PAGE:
Each year, I ask each mentee who's spending some time with me to write a blog post.  Here, Claire Lanyon of the Auckland War Memorial Museum in New Zealand shares her team's learning as they create Discovery Kits for in-school use.  Stay tuned in early December for the call for the 2019 Mentorship.
The Learning Team

As Learning Manager at Tāmaki Paenga Hira Auckland War Memorial Museum, I am responsible for the team who design, develop and deliver learning experiences onsite, offsite and online.  I am part of the Learning and Engagement Team, which consists of two teams, the Learning Team and the Public Programmes Team.  The Learning and Engagement Team were restructured in October 2017, I was appointed in November 2017 in an interim role which became permanent in March 2018. 
Our Challenge
Approximately 10% of Auckland’s formal learners visit for a ‘learning experience outside of the classroom’ (approx 45,000 students per year).  Our target by 2022 is to increase formal learner visitation to 100,000 on-site visits per year, representing approximately 25% of K-12 students in the city. 
We are transforming our offer, there are so many aspects of this journey that I could share.  However, I have decided to focus on one of the projects that has been pivotal in re-engaging with the sector - a key priority for the first phase of transformation:  Discovery Kits.
This isn’t a new idea (as a potential funder pointed out, after speaking to a friend who used to deliver dioramas to schools from Auckland Museum somewhere during the 1930’s - 1950’s!).  However, we were keen to retain the essence, whilst innovating, and I was particularly keen to ensure that we were creating a scalable and sustainable model.  During discussions with the Ministry for Culture and Heritage during a previous role that I held at the Museum, a serendipitous sponsorship opportunity was already in discussion and this opportunity formed the first ‘low-risk’ testing phase for the development of a series of Discovery Kits utilizing Auckland Museum’s collections for authentic learning in classrooms throughout New Zealand.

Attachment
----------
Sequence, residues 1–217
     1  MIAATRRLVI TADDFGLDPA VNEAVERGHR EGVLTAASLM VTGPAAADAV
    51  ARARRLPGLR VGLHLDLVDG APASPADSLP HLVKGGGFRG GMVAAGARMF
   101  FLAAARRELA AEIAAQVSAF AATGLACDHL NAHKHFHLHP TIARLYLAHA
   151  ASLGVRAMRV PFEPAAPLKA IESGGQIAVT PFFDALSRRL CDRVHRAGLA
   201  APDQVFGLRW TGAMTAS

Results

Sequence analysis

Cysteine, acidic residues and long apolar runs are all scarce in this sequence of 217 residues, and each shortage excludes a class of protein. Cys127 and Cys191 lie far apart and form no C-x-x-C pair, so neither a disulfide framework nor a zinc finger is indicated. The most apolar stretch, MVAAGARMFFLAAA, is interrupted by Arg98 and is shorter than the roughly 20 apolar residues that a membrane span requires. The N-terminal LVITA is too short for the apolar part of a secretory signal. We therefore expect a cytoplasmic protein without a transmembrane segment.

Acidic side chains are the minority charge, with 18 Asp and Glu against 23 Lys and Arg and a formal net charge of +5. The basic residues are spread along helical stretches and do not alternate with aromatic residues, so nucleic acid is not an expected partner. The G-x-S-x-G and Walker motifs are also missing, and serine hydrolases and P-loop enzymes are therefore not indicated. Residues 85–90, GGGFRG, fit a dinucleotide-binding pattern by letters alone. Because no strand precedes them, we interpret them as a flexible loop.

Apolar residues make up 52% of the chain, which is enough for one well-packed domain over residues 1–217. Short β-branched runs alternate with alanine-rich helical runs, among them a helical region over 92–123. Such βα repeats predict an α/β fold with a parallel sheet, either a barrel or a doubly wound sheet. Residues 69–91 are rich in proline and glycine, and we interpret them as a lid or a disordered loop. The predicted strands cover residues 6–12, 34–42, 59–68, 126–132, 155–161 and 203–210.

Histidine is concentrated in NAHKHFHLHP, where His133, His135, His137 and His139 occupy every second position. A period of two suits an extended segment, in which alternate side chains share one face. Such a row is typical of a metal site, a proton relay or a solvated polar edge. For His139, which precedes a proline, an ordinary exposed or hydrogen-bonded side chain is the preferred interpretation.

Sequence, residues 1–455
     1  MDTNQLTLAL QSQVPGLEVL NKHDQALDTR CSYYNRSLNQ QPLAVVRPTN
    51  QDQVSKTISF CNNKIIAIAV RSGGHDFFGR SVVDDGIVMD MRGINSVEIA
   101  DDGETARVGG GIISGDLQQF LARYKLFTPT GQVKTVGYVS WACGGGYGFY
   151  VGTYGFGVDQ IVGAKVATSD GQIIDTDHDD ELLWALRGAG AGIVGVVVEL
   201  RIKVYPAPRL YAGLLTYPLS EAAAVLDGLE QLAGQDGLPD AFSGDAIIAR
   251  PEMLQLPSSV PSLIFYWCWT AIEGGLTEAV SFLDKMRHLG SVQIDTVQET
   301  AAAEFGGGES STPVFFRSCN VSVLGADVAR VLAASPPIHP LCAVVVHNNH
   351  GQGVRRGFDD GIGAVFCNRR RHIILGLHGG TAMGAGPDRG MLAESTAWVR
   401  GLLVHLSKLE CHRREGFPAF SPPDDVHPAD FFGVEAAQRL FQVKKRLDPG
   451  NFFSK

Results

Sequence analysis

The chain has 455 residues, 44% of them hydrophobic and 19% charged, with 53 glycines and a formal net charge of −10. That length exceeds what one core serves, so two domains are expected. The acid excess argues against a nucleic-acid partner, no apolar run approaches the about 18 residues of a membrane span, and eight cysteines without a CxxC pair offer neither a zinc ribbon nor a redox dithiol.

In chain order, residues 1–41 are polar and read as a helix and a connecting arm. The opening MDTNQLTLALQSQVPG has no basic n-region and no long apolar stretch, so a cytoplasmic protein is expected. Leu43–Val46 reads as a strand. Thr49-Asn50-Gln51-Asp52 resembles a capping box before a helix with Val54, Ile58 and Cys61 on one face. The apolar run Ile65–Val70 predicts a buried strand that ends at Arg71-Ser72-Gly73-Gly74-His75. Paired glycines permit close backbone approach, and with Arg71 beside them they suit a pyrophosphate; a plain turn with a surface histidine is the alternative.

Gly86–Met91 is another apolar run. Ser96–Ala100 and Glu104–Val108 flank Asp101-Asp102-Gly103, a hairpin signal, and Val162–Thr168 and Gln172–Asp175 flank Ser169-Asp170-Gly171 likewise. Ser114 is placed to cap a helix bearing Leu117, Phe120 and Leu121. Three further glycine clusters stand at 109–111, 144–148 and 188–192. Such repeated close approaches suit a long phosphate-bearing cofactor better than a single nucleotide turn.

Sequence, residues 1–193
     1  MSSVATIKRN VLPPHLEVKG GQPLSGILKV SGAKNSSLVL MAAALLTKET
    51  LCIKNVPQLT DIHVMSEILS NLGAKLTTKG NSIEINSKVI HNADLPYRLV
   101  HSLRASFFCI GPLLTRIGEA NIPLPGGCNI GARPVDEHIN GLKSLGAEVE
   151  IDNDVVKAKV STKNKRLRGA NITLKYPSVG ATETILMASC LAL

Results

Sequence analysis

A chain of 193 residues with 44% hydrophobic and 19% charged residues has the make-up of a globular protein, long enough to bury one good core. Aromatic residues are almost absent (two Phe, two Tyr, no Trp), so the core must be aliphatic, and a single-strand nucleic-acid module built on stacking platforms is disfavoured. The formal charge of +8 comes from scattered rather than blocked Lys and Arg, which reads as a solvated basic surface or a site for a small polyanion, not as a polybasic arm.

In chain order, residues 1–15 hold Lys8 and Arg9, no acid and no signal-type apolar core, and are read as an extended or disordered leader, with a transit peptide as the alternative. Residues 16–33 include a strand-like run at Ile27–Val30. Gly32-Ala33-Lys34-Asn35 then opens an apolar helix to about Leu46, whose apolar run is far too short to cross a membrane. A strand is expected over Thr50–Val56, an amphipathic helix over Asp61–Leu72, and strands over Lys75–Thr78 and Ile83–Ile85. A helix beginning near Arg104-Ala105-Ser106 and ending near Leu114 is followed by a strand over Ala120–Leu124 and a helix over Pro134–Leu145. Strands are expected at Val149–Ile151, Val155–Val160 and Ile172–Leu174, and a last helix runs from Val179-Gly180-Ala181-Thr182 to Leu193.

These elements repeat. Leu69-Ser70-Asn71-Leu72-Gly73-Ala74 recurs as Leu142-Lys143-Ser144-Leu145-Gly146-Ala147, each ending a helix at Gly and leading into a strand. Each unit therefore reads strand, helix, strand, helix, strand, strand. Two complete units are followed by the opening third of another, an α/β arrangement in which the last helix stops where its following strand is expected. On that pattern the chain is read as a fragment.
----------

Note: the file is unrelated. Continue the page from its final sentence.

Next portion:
The First Discovery Kit - Walking with an Anzac
Working with an organization called School Kit, who develop innovative teaching ideas that are robustly integrated with opportunities for authentic use of online sources for learning, the Ministry for Culture and Heritage had committed to producing Walking with an Anzac Discovery Kits that would be delivered at no charge to 1,000 classrooms, reaching 32,000 students.  In order to receive a kit, teachers committed to utilizing the resources within the same school term as delivery.  Auckland Museum was invited as a sponsor as, integral to the work that the students would be undertaking, was one of our online products - Online Cenotaph.
Within the Walking with an Anzac Discovery Kit, were thirty-two objects that related to a story of a specific service person.  As part of the sponsorship opportunity, it was determined that seven of the objects would be reproduced from Auckland Museum’s collection.
A snapshot of some of the objects within the Walking with an Anzac Discovery Kit
The reproduction of the objects was of an extremely high quality, the accompanying resources were pedagogically sound and the feedback from teachers and students was very positive.  We were able to leverage this positive experience and demonstrate to our Executive Team and key stakeholders that this was a model that could form part of our strategy to re-engage with the sector and develop learning opportunities and provide pre and post-visit resources that supports inquiry learning.
The Second Discovery Kit - Are We There Yet?
With this learning experience as a foundation, we were confident that this was an approach that we would like to replicate to support our learning offer for future exhibitions.  2018 is the 125th anniversary of women’s suffrage in New Zealand.  To commemorate this milestone, the Exhibition Team have developed a thought-provoking exhibition called Are we there yet? Women and Equality in Aotearoa.  The exhibition tells untold stories and features New Zealand women from all walks of life who have contributed to advancing equality for women.  It reflects on the tradition of Western Museum object collecting, showing whose voices are preserved in Museum collections and whose aren’t - aiming to unpack this and highlight these gaps and unheard voices.
With this in mind, colleagues from the Exhibition and Learning Teams met with School Kit to devise a plan for the Are we there yet? Discovery Kit.  Our aim was to develop a kit that would: